RPG MAKER LINGO

Find out what people are saying on RMN

When I first got to rpgmaker.net, I wanted to simply play a game. In order to play the game, someone said that I needed the 2k3RTP. I had NO IDEA what the 2k3RTP was! This tutorial is to help people new to the RPG making world understand what the heck is being said.

ENGINES:
An engine is a piece of software, in this case, used to design video games. RPG Maker is an engine. To look at rpgmaker.net's full engine run-down, click here. Let's go through a run-down of the more common engines used:

-The RPG maker series
This is a series of engines that was designed by a company called enterbrain. These engines are the ones commonly referred to as the Role Playing Game Makers, RPG makers, or RM for short. There are many RM engines in this series, some of which are new and some outdated.
RPG Maker 95
This first engine is one you will probably never use, RPG Maker 95. This was the first RM software, designed for windows 95. Chances are you won't come across this one.

RPG Maker 2000

The next RM engine released was called RPG Maker 2000, which you might see today. This engine was designed in the year 2000 and is best for making classic, old school role playing games. This engine is commonly referred to as RPG2000, RM2000, RM2k, or just 2k. (The 2k stands for 2000). 2k was never officially released in the U.S., but it has been unofficially translated.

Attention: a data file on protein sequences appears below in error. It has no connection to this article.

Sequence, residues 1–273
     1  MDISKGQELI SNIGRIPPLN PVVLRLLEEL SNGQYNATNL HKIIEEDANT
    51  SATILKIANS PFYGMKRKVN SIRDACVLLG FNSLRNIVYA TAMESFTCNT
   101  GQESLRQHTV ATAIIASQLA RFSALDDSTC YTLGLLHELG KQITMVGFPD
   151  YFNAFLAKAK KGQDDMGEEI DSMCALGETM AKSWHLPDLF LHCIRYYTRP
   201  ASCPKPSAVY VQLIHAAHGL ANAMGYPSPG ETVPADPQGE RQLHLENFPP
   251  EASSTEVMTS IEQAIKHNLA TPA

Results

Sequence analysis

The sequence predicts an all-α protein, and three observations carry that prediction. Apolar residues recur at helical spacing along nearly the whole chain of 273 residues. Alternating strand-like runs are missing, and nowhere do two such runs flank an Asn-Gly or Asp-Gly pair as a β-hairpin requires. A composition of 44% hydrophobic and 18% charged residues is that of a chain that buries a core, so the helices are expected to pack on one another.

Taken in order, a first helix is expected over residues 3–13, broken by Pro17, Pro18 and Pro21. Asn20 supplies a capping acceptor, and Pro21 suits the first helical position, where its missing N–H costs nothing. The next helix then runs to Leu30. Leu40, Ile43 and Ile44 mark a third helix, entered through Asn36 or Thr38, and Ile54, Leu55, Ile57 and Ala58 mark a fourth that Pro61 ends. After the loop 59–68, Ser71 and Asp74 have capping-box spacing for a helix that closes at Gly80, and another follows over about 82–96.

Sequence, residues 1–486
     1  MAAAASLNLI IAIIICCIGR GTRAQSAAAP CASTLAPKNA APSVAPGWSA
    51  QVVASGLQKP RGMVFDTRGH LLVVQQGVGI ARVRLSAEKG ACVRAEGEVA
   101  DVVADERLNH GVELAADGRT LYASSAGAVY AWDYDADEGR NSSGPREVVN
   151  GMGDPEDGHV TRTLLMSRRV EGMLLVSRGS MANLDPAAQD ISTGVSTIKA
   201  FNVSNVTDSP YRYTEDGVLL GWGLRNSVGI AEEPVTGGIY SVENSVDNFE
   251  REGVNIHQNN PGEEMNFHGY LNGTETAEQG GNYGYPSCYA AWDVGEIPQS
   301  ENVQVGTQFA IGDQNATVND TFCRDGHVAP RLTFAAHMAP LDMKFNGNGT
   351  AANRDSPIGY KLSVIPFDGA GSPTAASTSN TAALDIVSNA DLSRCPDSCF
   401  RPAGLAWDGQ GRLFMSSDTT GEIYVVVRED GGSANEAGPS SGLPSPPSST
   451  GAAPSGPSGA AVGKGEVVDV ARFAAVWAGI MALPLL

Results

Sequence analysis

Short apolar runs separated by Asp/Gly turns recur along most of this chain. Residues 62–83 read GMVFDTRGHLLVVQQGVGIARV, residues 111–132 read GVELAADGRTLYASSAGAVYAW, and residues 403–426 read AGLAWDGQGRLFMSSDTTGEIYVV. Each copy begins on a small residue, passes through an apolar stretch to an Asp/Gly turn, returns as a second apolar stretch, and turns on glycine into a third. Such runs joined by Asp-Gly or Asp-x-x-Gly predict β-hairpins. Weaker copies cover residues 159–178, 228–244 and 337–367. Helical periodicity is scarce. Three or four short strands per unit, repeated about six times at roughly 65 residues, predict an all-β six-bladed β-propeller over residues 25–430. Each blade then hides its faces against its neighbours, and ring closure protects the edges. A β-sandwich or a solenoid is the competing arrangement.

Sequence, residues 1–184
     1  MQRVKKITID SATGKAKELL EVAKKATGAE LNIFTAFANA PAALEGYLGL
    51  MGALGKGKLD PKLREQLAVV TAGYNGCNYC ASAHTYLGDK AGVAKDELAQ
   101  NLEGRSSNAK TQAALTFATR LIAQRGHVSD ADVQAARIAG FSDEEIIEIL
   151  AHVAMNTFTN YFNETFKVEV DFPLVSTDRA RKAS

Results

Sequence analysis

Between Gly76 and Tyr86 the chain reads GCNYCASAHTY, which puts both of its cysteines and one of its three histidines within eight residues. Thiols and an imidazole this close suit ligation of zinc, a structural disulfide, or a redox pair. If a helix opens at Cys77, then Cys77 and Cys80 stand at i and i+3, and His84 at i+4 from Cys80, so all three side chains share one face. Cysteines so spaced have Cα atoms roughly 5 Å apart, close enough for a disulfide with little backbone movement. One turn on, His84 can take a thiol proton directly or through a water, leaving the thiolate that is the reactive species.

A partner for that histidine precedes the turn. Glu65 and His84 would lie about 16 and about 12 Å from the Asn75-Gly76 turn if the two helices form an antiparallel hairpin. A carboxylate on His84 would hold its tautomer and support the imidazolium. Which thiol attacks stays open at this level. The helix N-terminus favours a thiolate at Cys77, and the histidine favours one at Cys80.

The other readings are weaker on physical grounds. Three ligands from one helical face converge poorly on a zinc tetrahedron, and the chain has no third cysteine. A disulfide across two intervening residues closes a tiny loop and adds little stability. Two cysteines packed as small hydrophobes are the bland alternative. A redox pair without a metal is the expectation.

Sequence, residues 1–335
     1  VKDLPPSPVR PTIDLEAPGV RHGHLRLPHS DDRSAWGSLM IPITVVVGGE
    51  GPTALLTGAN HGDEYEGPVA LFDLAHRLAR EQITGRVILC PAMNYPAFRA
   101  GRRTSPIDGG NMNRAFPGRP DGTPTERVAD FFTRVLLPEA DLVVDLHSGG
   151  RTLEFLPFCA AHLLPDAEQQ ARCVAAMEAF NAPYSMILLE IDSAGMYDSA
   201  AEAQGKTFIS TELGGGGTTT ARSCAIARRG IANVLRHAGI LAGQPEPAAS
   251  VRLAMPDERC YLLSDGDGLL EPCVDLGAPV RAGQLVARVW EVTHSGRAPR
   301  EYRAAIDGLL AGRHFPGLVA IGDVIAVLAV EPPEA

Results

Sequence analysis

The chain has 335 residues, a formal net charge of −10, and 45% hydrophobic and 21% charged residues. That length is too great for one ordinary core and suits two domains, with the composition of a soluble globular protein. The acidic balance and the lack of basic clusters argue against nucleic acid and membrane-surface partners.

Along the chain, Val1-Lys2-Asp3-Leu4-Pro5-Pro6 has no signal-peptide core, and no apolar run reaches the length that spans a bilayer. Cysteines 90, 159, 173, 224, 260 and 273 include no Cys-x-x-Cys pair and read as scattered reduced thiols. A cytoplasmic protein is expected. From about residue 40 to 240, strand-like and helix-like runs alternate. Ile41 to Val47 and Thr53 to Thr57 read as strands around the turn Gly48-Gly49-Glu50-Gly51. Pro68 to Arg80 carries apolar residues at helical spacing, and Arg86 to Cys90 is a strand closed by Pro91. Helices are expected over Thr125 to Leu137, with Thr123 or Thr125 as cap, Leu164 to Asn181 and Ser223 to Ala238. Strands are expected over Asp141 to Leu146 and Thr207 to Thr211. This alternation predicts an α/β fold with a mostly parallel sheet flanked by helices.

RPG Maker 2003

The 3rd engine I will be discussing is a little more common, RPG Maker 2003. This RM software was designed as an "upgrade" to 2k. It has more features, but is still best at making those old school RPG's. Like 2k, it was never officially released in the U.S., but it has been unofficially translated. This engine is commonly referred to as RPG2003, RM2003, RM2k3, or just 2k3. Since 2k3 is so similar to 2k, people will often write tutorials for both engines, and when people are talking about both engines at once they will say, "2k(3)" or "2k/3".

RPG Maker XP

This next engine is much more common, and often used today. This engine is called RPG Maker XP. This engine was designed for Windows XP. It is the second newest software in the RM series, and is commonly used. Not only can it be used as a point and click engine, but you can also use a scripting language called RGSS, (Ruby for short), to enhance you games with features that don't normally come with the engine. This software was the first of the RM's to be officially translated into English.

RPG Maker VX

The newest RM software is called RPG Maker VX. This engine was designed for Windows Vista and Windows XP, but is also compatible with Windows 7. This engine is commonly used, but is frowned upon by many. You see, VX was designed to be a more user friendly RPG maker than RPG XP. This was accomplished, but in the process, many features that people liked in XP were not implemented into VX. One thing that VX is infamous for is it's tileset. To learn about tileset's, read my tutorial: Tiles&Tileset's. Although VX lacks many features, it still contains scripting ability with a new scripting language: RGSS2. This language slightly differs from the original ruby language, so don't get the two confused.